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Although some samples were collected as part of the laboratory testing and workups allergy treatment dublin cheap 100mcg entocort, additional biospecimens samples were collected from study participants at each exam cycle and preserved to allergy medicine with decongestant order 100mcg entocort otc be used for future analyses allergy medicine yorkie purchase generic entocort on line. Serum and urine were collected longitudinally across multiple cycles allergy vs autoimmune purchase entocort online pills, while semen and whole blood were collected at a single exam cycle. M ultiple blood samples were drawn for a subset of the population for use in dioxin biological halflife and other studies. When the questionnairederived indexes were applied within each job classifcation, days of skin exposure added statistical signifcance, but not substantially, to the variability explained by job alone. Exposure could occur during operation of spray equipment and through contact with herbicides in the aircraft. For example, rank was used as a surrogate of exposure because offcers (pilots, copilots, and navigators) were unlikely to handle the herbicides. W ith respect to the development of cancer, service in 1968 or earlier was considered to have been in the critical exposure period, whereas for diabetes, the critical exposure period was considered to be 1969 or earlier. Days of spraying were grouped into 30day blocks for cancer, and into blocks of 90 or more days for diabetes. This also raises questions about the stability of positive fndings; this is somewhat less of a problem if the fndings are repeated over examination cycles, although the results of the examination cycles themselves are not fully independent repetitions. After the model had been adjusted for several demographic and clinical factors, Ranch Hands were found to have a 2. The authors found that low testosterone levels in men were an inde pendent risk factor (comparable to aging and obesity) for high fasting glucose and, therefore, that testosterone was a weak predictor of a diagnosis of type 2 diabetes. The 50 Vietnamdeployed veterans were then stratifed into those who sprayed herbicides and those who did not, based on selfreported information. It required that an epide miologic study be conducted to examine the longterm adverse health effects on female Vietnam veterans who had exposure to traumatic events, exposure to herbicides such as Agent Orange or other chemicals or medications, or any other related experience or exposure during such service. Female Army and Navy personnel were identifed from morning reports and muster rolls of hospi tals and administrative support units where women were likely to have served. Military personnel were identifed as female by their names, leaving open the possibility that some women may have been inadvertently excluded from the analysis. Demographic information and infor mation on overseas tours of duty, unit assignments, jobs, and principal duties were abstracted from military records. W omen whose service in the military fell outside the period of interest, whose records were missing data, or who served in South east Asia but not in Vietnam were excluded. The analysis included 132 deaths among 4, 582 female Vietnam veterans and 232 deaths among 5, 324 comparison veterans who served in the military from July 4, 1965, to M arch 28, 1973, which was when combat operations occurred. Causespecifc mortality was derived for both groups of veterans and compared with mortality in U. Cypel and Kang (2008) conducted a mortality study of female vet erans who deployed to Vietnam, comparing them with a control group of women veterans matched on rank and military occupation who were in the military at the same time period but who were not deployed to Vietnam. The frst group included 4, 734 female veterans who served in Vietnam, the second group consisted of 2, 062 female veterans who served near Vietnam, and the third group included 5, 313 female veterans who did not deploy outside of the United States. The cancer mortality rate was approximately equal between the female Vietnam veterans group and both the U. Vietnamveteran cohort provide direct information on the health and mortality status of female military personnel who served in Vietnam, the limitations of the results must be kept in mind. Specif cally, female veterans likely experienced low herbicide exposure because they were not involved in applying herbicides or engaged in direct combat, and their incountry tours of duty were generally limited to 1 year and at fxed locations that were not in proximity to known defoliated areas. Army veterans were identifed from a list obtained by the Army and Joint Services Environmental Support Group; computerized lists were also provided by the Air Force, Navy, and M arine Corps. From a pool of 6, 657 women whose military units did not serve in Vietnam, 4, 390 veterans who were alive on January 1, 1992, were randomly selected as controls. The information collected included demographic background, general health, lifestyle, menstrual history, pregnancy history, preg nancy outcomes, and military experience, including nursing occupation and combat exposure. Information on pregnancy risks and complications— including smoking, infections, medications, exposure to Xrays, occupational history, and exposure to anesthetic gases, ethylene oxide, herbicides, and pesticides— was collected for each pregnancy. For the comparison group, the frst pregnancy after July 4, 1965, was designated as the index pregnancy. The authors did not provide specifc data on diagnosis confrmation for the three sites other than the breast, but they stated that Vietnam status was not associated with a greater likelihood of fnding confrmatory medical records. The legislation covers 18 birth defects, including cleft lip or palate, congenital heart disease, hypospadias, neuraltube defects, and W illiams syndrome. From this list, 75, 617 individuals were randomly selected for inclusion in the study. The information extracted from the selected military records included duty stations, dates of tours, branch of military service, date of birth, sex, race, military oc cupation specialty codes, education level, type of discharge, and confrmation of service in Vietnam. Death from any cancer was elevated among marines who served in Vietnam but not Army veterans. An additional 11, 325 deceased Army and Marine Corps Vietnamera veterans were identifed from the period and included in the study. The fnal study included 70, 630 veterans—33, 833 who had served in Vietnam and 36, 797 who had never served in Southeast Asia. Army Vietnam veterans had statistically signifcant excesses of deaths for laryngeal cancer and lung cancer when compared to both Army nonVietnam veterans and all nonVietnam veterans. Results showing statistical signifcance for Marine Corps Vietnam veterans varied according to the referent population used (nonVietnam marine veterans or all nonVietnam veterans). Proportionate mortality ratios for deaths due to respiratory and digestive diseases were statisti cally signifcantly lower among marine Vietnam veterans than all nonVietnam veterans. Lung cancer deaths were signifcantly higher among both Army veteran groups and the Marine Corps Vietnamdeployed group compared with the U. The study was designed to compare a retrospective cohort of Vietnam veterans, with all service branches represented, with Vietnamera veter ans who were deployed to countries other than Vietnam, Cambodia, or Laos and with members of the U. The questionnaire col lected information on the following topics: military service (combat experience, chemical and other exposures, reentry into civilian life, or no military service), general health (neurologic conditions, infections, presumptive conditions, cancer, hypertension, and mental health conditions), experience with aging, lifestyle fac tors (tobacco use, health care use, living arrangements), and health experiences of descendants (nine questions on birth defects and other conditions of children and grandchildren). A medical records review is being conducted of a small subset of participants (n = 4, 000) to validate the questionnaire information (Davey, 2017). Beginning in 2011, eligibility has been expanded to include veterans who served along the Korean Demilitarized Zone between 1968 and 1971, veterans who served in certain units in Thailand, and veterans who were involved in the testing, transporting, or spraying of herbicides for military purposes (Dick, 2015). The studies have been included for completeness, but the outcomes that they address are outside the purview of this committee. Vietnam veterans were selected for the study on the basis of the number of herbicide exposure events that they were thought to have experienced, based on the number of days their unit was within 2 kilometers and 6 days of a recorded herbicidespraying event. Blood samples were obtained from 66% of 646 Vietnam veterans and from 49% of the eligible comparison group of 97 veterans. The assessment of average exposure does not eliminate the possibility that some Vietnam veterans had heavy exposures. Army veterans who served in Vietnam and in 8, 989 Vietnamera Army veterans who served in Germany, Korea, or the United States (Boyle et al. Vietnam Veteran Studies Am erican Legion Study the American Legion, a voluntary service organization for veterans, con ducted a cohort study of the health and wellbeing of Vietnam veterans who were members. State Studies Several states have conducted studies of Vietnam veterans, most of which have not been published in the scientifc literature. The second (2014b) assessed the health of the family members with more emphasis placed on the details of psychological and social wellbeing, rather than adverse impacts on physical health. The wide range of outcomes examined for the family members them selves included mental health outcomes, pregnancy and birth defect outcomes, physical health, social functioning, and mortality. Because many of the health outcomes reported for these family members are not central to the charge of the committee. From the roster of Australian Vietnam veterans, more than 10, 000 Austra lians who had served in the Vietnam W ar were randomly selected and contacted, along with their family members, for potential participation in the study. The Vietnam veterans who were identifed and ultimately selected included 3, 940 who were randomly selected and 2, 569 who selfselected into the study based on media publications announcing that the study would be conducted. The primary comparison group consisted of family members of non deployed Vietnamera personnel. These personnel comprised 3, 967 randomly selected nondeployed era veterans and 418 who selfselected into the study. Thus, there were far more Australian Vietnam veterans who selfselected into the study than nondeployed Australian Vietnamera veterans who selfselected, and the percentage of the Vietnam veterans who selfselected was much higher than the percentage of nondeployed Vietnamera veterans who selfselected. Some analyses have been conducted among all study participants, and some analyses were stratifed by the type of enroll ment (random versus selfselected).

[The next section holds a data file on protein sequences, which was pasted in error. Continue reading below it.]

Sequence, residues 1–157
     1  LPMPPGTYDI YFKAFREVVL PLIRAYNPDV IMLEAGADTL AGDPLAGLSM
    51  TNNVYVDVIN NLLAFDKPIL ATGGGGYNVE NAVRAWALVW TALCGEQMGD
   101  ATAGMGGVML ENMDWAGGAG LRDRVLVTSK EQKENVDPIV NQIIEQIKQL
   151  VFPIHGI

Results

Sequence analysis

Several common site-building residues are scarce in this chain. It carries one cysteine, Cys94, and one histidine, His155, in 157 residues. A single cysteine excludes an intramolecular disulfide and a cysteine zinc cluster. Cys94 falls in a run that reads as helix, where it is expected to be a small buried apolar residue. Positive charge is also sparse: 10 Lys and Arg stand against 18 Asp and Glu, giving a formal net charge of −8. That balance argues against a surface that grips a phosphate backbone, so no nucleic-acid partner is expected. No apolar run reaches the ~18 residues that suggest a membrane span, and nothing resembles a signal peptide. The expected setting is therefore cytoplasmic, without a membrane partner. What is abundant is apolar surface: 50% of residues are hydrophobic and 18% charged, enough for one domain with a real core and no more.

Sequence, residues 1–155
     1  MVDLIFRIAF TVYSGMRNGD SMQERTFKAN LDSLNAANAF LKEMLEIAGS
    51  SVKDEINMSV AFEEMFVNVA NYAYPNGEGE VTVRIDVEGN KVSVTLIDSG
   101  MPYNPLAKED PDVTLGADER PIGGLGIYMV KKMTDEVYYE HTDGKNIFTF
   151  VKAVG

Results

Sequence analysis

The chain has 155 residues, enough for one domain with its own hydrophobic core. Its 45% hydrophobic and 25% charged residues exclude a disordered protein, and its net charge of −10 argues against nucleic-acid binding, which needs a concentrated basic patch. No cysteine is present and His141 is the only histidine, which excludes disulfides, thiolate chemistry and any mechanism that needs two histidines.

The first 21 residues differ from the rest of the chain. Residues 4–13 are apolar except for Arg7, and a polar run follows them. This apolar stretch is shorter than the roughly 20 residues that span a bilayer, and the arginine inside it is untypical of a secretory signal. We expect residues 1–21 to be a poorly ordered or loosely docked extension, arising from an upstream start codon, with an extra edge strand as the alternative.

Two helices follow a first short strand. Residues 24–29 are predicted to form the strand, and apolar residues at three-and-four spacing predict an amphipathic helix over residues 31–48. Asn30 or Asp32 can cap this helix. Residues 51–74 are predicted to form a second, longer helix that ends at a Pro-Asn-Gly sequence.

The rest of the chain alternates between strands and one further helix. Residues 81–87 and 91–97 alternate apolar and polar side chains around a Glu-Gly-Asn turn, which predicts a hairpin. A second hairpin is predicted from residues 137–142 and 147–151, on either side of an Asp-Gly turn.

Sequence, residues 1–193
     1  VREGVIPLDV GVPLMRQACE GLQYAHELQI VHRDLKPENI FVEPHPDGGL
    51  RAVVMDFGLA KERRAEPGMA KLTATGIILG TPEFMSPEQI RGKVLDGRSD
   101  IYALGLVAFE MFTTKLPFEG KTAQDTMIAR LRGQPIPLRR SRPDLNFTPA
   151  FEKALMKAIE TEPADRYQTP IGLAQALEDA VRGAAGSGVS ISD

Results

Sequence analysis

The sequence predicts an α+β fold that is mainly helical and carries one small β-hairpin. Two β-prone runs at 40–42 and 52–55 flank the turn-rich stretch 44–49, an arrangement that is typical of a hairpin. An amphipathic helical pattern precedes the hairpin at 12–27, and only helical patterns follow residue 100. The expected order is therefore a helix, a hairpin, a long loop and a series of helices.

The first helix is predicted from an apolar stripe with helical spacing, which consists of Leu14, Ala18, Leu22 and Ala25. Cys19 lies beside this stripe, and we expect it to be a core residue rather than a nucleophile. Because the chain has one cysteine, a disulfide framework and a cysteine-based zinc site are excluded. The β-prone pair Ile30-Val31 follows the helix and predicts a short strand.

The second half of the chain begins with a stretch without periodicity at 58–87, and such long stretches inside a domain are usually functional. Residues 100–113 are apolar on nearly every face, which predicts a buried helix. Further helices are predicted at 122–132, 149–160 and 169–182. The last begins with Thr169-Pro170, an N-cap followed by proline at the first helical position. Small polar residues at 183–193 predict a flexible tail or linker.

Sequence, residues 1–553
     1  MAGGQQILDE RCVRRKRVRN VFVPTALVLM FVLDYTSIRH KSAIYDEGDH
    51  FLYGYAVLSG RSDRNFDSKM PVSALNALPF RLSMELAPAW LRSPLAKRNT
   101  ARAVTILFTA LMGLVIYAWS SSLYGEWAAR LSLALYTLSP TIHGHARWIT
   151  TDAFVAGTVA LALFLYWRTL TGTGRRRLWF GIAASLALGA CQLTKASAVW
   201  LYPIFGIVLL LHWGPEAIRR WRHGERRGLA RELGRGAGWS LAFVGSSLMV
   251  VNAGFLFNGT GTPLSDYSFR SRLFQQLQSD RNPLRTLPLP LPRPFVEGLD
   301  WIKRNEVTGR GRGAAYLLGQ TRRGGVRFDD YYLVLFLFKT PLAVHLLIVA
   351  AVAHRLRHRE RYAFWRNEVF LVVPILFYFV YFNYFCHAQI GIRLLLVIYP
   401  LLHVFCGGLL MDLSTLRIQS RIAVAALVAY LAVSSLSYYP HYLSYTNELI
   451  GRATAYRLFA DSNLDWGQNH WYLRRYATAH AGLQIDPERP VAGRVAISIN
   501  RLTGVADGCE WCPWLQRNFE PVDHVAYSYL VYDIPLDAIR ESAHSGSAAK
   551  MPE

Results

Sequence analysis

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Childhood Obesity: Costs allergy forecast montgomery al order entocort pills in toronto, treatment patterns allergy medicine ear pressure purchase genuine entocort line, disparities in care allergy forecast joplin mo purchase entocort 100 mcg amex, and prevalent medical conditions allergy relief číńňđóęöč˙ order entocort 100mcg overnight delivery. Toward improved instruction in decision making to adolescents: A conceptual framework and pilot program. Family rigidity, adolescent problemsolving defcits, and suicidal ideation: A media tional model [Electronic version]. Teaching the foundations of social decision making and problem solv ing in the elementary school. Role of general and specifc competence skills in protecting innercity adoles cents from alcohol use [Electronic version]. Neural substrates of choice selection in adults and adolescents: Development of the ventrolateral prefrontal and anterior cingulate cortices. Costs and benefts of a decision: Decision making competence in adolescents and adults. Gender diferences in adolescent depression: Gendertyped characteristics or problemsolving skills defcitsfi Judgments about risk and perceived invulnerability in adolescents and young adults. Growth patterns in the developing brain detected by using continuum mechanical tensor maps. Beyond invulnerability: The importance of benefts in adolescents’ decision to drink alcohol. The association of school transitions in early adolescence with developmental trajectories through high school. The impact of stageenvironment ft on young adolescents’ experiences in schools and in families. Developmental patterns and gender diferences in the experience of peer companionship during adolescence. Stress, risk and resilience in children and adolescents: Processes, mechanisms and interventions. Stress, risk, and resilience in children and adolescents: Processes, mechanisms, and interventions. Developmental and contextual factors and mental health among lesbian, gay, and bisexual youths. Parents’ ethnicracial socialization prac tices: A review of research and directions for future study. Sexual possibility situations and sexual behaviors among young adolescents: the moderating role of protective factors. Adolescent decision making: A broadly based theory and its application to the prevention of early pregnancy [Electronic version]. The role of sequential and concurrent sexual relationships in the risk of sexually transmitted diseases among adolescents. Sexual behavior and selected health measures: Men and women 15–44 years of age, United States. Adolescent oral sex, peer popularity, and perceptions of best friends’ sexual behavior. Finding faith, losing faith: The prevalence and context of religious transformations during adolescence. See Romantic interests through peer relationships, 33–34 Lowincome, 18 typical stages of, 14, 31–35 unique patterns of, 2, 8, 87 Emotional disturbance, 54–56 Emotions, 32, 33, 54–56 M Empathy, 3, 32–33, 35, 85 Mastery. See Competence, sense of See also Social awareness Masturbation, 62, 63 Environment, 3, 17, 56, 87 Maturation rates, 8, 9, 22, 62–64 Estrogen, 32, 62 See also Physical development Ethnic identities, 49–50, 71, 73 Media images, 13, 35, 60 See also Cultural infuences Medical issues, 10–11, 17 Exercise, 11, 19 Menstruation, 8–9, 62 Mental health, 54–56 Metacognition, 22 Midbrain, 16 F Morality, 3, 15 Faith. See Spiritual development Muscle dysmorphia, 11 “Flame war, ” 42 Forebrain, 16 Friendships. See Tobacco use Nutrition, 10, 17–18, 33 G Gangs, 48 Gender, 34, 41, 42 O Gender identity, 51, 52, 62 Obesity, 9, 17–19 Growth spurts. For additional information about the Guide and to order additional copies, please contact: Center for Adolescent Health Johns Hopkins Bloomberg School of Public Health 615 N. In partnership with city government, communitybased organizations, and others, Good Neighbor provides incentives to innercity retailers to increase their stocks of fresh and nutritious foods and to reduce tobacco and alcohol advertising in their stores (see Case Study # 6 on page 24. Promoting Health Equity A Resource to Help Communities Address Social Determinants of Health Laura K. Promoting Health Equity: A Resource > National Center for Chronic Disease Prevention and Health Promotion to Help Communities Address Social Determinants of Health. Division of Adult and Community Health Department of Health and Human Services, Centers for Disease Control and Prevention Research Centers Prevention; 2008. Community Health and Program Services Branch For More Information > National Center for Injury Prevention and Control Email: ccdinfo@cdc. Web site addresses of nonfederal organizations are provided solely as a service Mail: Community Health and Program Services Branch to our readers. Acknowledgements the authors would like to thank the following people for their valuable contributions to the publication of this resource: the workshop participants (listed on page 5), Lynda Andersen, Ellen Barnidge, Adam Becker, Joe Benitez, Julie Claus, Sandy Ciske, Tonie Covelli, Gail Gentling, Wayne Giles, Melissa Hall, Donna Higgins, Bethany Young Holt, Jim Holt, Bill Jenkins, Margaret Kaniewski, Joe Karolczak, Leandris Liburd, Jim Mercy, Eveliz Metellus, Amanda Navarro, Geraldine Perry, Amy Schulz, Eduardo Simoes, Kristine Suozzi and Karen Voetsch. A special thanks to Innovative Graphic Services for the design and layout of this book. Content is drawn from Social Determinants of of Medicine defned public health as “what we as a society do to collectively Disparities in Health: Learning from Doing, a forum sponsored by the U. Forum participants included representatives from community organizations, academic settings, and public Early efforts to describe the relationship between these conditions and health or 3 health practice who have experience developing, implementing, and evaluating health outcomes focused on factors such as water and air quality and food safety. The workbook More recent public health efforts, particularly in the past decade, have identifed a refects the views of experts from multiple arenas, including local community broader array of conditions affecting health, including community design, housing, employment, access to health care, access to healthy foods, environmental pollutants, and occupational safety. The link between social determinants of health, including social, economic, and Research documents that poverty, income and wealth inequality, poor environmental conditions, and health outcomes is widely recognized in the public quality of life, racism, sex discrimination, and low socioeconomic health literature. Moreover, it is increasingly understood that inequitable distribution conditions are the major risk factors for ill health and health inequalities of these conditions across various populations is a signifcant contributor to conditions such as polluted environments, inadequate housing, absence persistent and pervasive health disparities. Great social costs arise from increasing the quality and years of healthy life and eliminating health disparities. To be successful, this approach requires community, policy, planning, community economic development, environmental sciences, and housing. Readers that traditionally may not have been part of public health initiatives, including are provided with information and tools from these efforts to develop, implement, community organizations and representatives from government, academia, and evaluate interventions that address social determinants of health equity. Participants October 28–29, 2003 Social Determinants of Disparities in Health: Learning From Doing Alex Allen Stephanie Farquhar James Krieger William J. People in such groups not only experience worse health but also tend to have less access to the social determinants or conditions. Health disparities are referred to as health inequities when they are the result of the systematic and unjust distribution of these critical conditions. Health equity, then, as understood in public health literature and practice, is when everyone has the opportunity to “attain their full health potential” and no one is “disadvantaged from achieving this potential because of their social position or other socially determined circumstance. In 2004, the mortality rate for infants of mothers with less than 12 years of Infant mortality 12, 13 education was 1. Between 2001 and 2004, more than twice as many children (2–5 years) from poor families experienced a greater number of untreated Tooth decay dental caries than children from nonpoor families. Of those children living below 100% of poverty level, Mexican American children (35%) and African American children (26%) were more likely to experience untreated dental caries than White children (20%). In addition, Asian American and Hispanic adults (75% and 68%, respectively) were less likely to have visited a doctor or other health professional in the past year compared to White adults (79%). Yet nearly 40 years later, only 33% of fourthgraders are profcient readers at grade level. Hispanic/Latino adults had the lowest average health literacy score compared to adults in other racial/ethnic groups. However, as of 2005, Hispanics/Latinos and African Americans were signifcantly more likely to have dropped out of high school (22% and 10%, respectively) compared to Whites (6%). The homeless population also varies by race and ethnicity: 42% AfricanAmericans, 39% Whites, 13% Hispanics/ Latinos, 4% American Indians or Native Americans and 2% Asian Americans. An average of 16% of homeless people are considered mentally ill; 26% are substance abusers. Multiple models describing how social determinants infuence health outcomes have been proposed. The model presented here contains many of these elements and pathways and focuses on the distribution of social determinants (see ure 1.